In Japan for meetings with Prime Minister Shinzo Abe on Wednesday, Vice President Mike Pence announced that the U.S. was getting ready to unveil a new set of economic sanctions against North Korea – a blistering move that will no doubt darken the opening ceremonies of the Winter Olympics as Pyongyang makes their tentative grasp towards diplomacy with the South Koreans.
Pence, who will be at the Olympics to lead the U.S. delegation at the opening ceremonies on Friday, said that North Korea could soon expect to feel the full consequences of their rogue nuclear program.
“The United States of America will soon unveil the toughest and most aggressive round of economic sanctions on North Korea ever – and we will continue to isolate North Korea until it abandons its nuclear and ballistic missile programs once and for all,” Pence said.
So far, the White House has been mum on what form those sanctions might take, telling the press that releasing additional information could allow the North Koreans and their allies extra time to try and maneuver around the new restrictions. The sanctions, however, are expected to go into effect before the Winter Games are over.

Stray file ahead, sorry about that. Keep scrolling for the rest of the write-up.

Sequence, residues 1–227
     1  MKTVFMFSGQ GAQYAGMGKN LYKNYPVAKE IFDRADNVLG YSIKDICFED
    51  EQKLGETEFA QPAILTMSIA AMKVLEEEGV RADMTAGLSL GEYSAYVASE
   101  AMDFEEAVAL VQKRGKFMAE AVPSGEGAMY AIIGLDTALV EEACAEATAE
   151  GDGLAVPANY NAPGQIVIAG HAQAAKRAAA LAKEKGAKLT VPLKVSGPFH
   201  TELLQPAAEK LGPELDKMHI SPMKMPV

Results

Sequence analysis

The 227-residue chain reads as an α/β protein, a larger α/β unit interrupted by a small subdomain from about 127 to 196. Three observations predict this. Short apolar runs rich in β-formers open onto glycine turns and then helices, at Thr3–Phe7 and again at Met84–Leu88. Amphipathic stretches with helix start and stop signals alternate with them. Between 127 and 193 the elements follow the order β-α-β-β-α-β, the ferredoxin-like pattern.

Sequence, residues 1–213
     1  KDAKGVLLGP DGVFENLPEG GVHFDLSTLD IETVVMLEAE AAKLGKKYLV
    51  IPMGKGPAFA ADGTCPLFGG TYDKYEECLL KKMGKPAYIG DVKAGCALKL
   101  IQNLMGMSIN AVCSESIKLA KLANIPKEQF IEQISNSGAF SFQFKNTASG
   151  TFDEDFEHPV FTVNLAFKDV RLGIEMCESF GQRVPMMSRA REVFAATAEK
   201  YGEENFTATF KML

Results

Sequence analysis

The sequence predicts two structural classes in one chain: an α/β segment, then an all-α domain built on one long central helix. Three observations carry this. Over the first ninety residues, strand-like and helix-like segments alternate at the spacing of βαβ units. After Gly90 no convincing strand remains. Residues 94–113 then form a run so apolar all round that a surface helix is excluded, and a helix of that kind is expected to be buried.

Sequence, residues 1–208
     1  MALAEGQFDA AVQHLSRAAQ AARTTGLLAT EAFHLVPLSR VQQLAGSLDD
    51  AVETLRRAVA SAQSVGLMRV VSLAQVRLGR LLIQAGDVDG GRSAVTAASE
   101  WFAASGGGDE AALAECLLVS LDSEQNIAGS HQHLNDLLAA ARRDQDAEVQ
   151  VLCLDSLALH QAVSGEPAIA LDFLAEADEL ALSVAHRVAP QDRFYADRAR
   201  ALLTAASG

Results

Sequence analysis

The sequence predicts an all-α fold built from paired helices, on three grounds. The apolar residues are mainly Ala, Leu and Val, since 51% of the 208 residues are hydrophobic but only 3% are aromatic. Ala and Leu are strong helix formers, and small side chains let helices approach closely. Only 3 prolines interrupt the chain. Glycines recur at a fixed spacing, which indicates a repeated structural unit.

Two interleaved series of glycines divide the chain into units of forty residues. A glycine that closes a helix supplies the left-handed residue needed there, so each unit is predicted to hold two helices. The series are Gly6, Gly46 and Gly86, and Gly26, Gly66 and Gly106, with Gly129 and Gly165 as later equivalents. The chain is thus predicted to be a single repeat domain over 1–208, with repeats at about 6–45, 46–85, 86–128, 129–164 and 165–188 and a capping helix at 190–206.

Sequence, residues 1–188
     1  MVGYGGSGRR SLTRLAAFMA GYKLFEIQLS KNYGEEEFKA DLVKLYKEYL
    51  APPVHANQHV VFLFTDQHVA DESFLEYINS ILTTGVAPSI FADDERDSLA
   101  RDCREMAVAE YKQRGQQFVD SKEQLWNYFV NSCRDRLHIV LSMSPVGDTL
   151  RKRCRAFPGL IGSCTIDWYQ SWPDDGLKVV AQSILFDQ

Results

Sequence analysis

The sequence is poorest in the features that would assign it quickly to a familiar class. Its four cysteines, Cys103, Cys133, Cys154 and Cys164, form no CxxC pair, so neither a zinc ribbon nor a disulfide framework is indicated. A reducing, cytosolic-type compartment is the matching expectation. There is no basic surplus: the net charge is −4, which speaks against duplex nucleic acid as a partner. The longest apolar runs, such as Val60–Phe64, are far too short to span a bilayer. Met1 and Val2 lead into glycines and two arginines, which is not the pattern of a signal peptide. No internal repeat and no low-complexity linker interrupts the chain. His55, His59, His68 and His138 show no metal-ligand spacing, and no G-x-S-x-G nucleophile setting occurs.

In his meetings with Abe, Pence assured the Japanese leader that the Trump administration was fully committed to protecting U.S. allies in the Pacific from the threat of a nuclearized Kim Jong Un.
“The United States is with you in this challenge,” he said. “And we will continue to stand shoulder to shoulder with the people of Japan, the people of South Korea, and our allies and partners across the region until we achieve the global objective of denuclearization of the Korean Peninsula.”
Pence also said that while he was willing to meet with North Korean officials at the games, he wasn’t going to tell them anything different than they’ve already heard: Unless they’re ready to give up their nuclear weapons, there will be no bilateral negotiations.
Furthermore, Pence warned the world against falling for what Abe called the “charm offensive of North Korea.”
“We will not allow North Korean propaganda to hijack the message and imagery of the Olympic Games,” Pence said. “We’ll be there to cheer our athletes, but we’ll also be there to stand with our allies and remind the world that North Korea is the most tyrannical and oppressive regime on the planet.”
Pence’s message in the Pacific is another reminder (as though one were needed) that even though it may have been a few months since the last nuclear/missile test out of Pyongyang, tensions on the Peninsula are as thick as ever. Kim Jong Un may be sending a delegation to the south to play nice, but no one is fooled by this mask of diplomacy. The world will know when he is ready to come to the table, because he will destroy his nuclear arsenal and submit to international inspections.
Can new sanctions bring him to that point? We will see.